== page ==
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Ephesians 5:4

    Ephesians 5:4 Translations

    King James Version (KJV)

    Neither filthiness, nor foolish talking, nor jesting, which are not convenient: but rather giving of thanks.

    American King James Version (AKJV)

    Neither filthiness, nor foolish talking, nor jesting, which are not convenient: but rather giving of thanks.

    American Standard Version (ASV)

    nor filthiness, nor foolish talking, or jesting, which are not befitting: but rather giving of thanks.

    Basic English Translation (BBE)

    And let there be no low behaviour, or foolish talk, or words said in sport, which are not right, but in place of them the giving of praise.

    Webster's Revision

    nor filthiness, nor foolish talking, or jesting, which are not befitting: but rather giving of thanks.

    World English Bible

    nor filthiness, nor foolish talking, nor jesting, which are not appropriate; but rather giving of thanks.

    English Revised Version (ERV)

    nor filthiness, nor foolish talking, or jesting, which are not befitting: but rather giving of thanks.

    Definitions for Ephesians 5:4

    Convenient - Proper; appropriate.

    Clarke's Commentary on Ephesians 5:4

    Neither filthiness - Αισχροτης· Any thing base or vile in words or acts.

    Foolish talking - Μωρολογια· Scurrility, buffoonery, ridicule, or what tends to expose another to contempt.

    Nor jesting - Ευτραπελια· Artfully turned discourses or words, from ευ, well or easily, and τρεπω, I turn; words that can be easily turned to other meanings; double entendres; chaste words which, from their connection, and the manner in which they are used, convey an obscene or offensive meaning. It also means jests, puns, witty sayings, and mountebank repartees of all kinds.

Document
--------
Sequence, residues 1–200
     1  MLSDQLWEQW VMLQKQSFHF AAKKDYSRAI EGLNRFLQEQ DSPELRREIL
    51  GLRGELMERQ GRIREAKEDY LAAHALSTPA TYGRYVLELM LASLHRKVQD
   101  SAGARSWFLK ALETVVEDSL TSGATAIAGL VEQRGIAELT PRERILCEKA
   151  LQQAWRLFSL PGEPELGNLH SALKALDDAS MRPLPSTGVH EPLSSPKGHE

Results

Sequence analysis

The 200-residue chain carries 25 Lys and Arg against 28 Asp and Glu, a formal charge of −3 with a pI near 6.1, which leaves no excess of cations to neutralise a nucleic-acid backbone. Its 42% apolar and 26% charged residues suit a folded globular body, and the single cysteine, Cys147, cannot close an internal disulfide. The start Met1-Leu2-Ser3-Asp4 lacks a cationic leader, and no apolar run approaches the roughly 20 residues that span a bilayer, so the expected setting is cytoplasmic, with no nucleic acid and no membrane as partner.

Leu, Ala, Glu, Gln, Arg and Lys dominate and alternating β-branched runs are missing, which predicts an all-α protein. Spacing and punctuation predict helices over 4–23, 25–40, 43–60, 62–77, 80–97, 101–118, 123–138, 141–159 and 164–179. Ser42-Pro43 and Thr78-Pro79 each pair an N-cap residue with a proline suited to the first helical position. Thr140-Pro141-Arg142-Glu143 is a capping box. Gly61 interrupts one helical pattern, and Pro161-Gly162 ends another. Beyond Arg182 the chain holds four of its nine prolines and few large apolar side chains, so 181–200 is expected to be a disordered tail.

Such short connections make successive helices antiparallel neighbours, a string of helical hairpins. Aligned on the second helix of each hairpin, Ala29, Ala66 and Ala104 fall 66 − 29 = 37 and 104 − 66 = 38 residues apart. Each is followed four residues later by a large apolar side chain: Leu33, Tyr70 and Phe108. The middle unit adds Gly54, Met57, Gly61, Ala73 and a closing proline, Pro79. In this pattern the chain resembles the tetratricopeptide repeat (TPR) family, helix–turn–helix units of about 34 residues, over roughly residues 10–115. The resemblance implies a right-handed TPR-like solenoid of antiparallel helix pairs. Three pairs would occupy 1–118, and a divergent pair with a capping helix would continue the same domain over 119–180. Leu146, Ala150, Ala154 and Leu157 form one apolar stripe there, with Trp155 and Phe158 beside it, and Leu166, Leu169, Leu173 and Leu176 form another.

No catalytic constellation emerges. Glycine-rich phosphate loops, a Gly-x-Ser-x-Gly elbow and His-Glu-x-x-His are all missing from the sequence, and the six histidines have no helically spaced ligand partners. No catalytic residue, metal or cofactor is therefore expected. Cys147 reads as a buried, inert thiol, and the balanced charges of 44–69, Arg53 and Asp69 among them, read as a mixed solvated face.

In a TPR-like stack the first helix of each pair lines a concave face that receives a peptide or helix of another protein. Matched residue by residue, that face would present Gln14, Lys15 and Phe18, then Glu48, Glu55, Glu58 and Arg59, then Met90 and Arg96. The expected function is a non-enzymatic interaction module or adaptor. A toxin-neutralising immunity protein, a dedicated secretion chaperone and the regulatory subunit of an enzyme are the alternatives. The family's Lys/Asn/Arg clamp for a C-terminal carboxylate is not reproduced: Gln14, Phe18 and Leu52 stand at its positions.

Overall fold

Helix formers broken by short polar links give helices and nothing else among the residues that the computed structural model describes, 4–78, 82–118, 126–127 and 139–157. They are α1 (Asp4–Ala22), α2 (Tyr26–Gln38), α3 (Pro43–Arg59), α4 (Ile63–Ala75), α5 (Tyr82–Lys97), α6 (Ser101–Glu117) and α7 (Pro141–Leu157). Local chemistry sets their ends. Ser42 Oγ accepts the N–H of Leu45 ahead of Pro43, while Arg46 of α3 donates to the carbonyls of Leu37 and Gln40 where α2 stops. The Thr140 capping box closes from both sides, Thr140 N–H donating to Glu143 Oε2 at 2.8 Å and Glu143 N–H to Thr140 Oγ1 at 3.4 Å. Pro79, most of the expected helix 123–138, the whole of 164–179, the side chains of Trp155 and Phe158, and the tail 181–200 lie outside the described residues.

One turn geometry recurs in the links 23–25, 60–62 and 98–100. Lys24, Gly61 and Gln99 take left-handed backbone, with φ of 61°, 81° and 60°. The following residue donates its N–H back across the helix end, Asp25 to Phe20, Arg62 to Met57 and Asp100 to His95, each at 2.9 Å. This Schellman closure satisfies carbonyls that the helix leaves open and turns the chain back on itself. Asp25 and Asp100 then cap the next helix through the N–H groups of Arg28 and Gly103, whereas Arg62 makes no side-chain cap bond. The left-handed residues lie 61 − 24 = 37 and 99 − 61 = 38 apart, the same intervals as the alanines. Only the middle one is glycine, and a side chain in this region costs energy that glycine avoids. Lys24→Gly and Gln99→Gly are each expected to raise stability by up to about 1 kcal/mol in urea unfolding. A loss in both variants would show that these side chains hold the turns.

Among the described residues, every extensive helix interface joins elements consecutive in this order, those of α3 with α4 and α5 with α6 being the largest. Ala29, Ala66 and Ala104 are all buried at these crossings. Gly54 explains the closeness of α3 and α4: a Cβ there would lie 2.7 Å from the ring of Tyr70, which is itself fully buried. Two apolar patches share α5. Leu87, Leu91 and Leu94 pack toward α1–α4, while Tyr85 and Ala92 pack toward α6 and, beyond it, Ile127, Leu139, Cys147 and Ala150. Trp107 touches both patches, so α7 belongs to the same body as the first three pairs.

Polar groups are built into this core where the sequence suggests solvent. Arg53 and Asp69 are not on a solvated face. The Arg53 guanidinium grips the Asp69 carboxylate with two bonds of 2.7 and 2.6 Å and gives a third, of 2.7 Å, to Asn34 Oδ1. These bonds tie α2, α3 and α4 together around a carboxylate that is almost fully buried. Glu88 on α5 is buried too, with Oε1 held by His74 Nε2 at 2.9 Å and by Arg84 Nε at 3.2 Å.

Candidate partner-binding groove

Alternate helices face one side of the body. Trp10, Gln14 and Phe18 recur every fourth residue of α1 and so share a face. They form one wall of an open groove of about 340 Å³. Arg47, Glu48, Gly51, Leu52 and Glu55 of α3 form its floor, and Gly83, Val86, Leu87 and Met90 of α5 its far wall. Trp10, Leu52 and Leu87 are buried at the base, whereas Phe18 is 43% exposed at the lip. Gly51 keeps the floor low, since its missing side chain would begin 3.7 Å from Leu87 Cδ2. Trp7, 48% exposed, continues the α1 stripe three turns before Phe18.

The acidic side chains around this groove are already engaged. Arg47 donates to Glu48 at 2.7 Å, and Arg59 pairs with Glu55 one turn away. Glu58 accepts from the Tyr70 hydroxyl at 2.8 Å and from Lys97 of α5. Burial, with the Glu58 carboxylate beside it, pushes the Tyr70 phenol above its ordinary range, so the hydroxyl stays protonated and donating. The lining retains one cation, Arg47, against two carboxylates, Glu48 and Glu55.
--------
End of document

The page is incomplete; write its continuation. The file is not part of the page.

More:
Which are not convenient - Ουκ ανηκοντα· They do not come up to the proper standard; they are utterly improper in themselves, and highly unbecoming in those who profess Christianity.

    But rather giving of thanks - Ευχαριστια· Decent and edifying discourse or thanksgiving to God. Prayer or praise is the most suitable language for man; and he who is of a trifling, light disposition, is ill fitted for either. How can a man, who has been talking foolishly or jestingly in company, go in private to magnify God for the use of his tongue which he has abused, or his rational faculties which he has degraded?

    Barnes' Notes on Ephesians 5:4

    Neither filthiness - That is, obscene, or indecent conversation. Literally, that which is shameful, or deformed - αἰσχρότης aischrotēs. The word does not elsewhere occur in the New Testament.

    Nor foolish talking - This word - μωρολογία mōrologia - does not occur elsewhere in the New Testament. It means that kind of talk which is insipid, senseless, stupid, foolish; which is not suited to instruct, edify, profit - the idle "chitchat" which is so common in the world. The meaning is, that Christians should aim to have their conversation sensible, serious, sincere - remembering the words of the Lord Jesus, "that every idle word that men shall speak, they shall give account thereof in the day of judgment;" Matthew 12:36.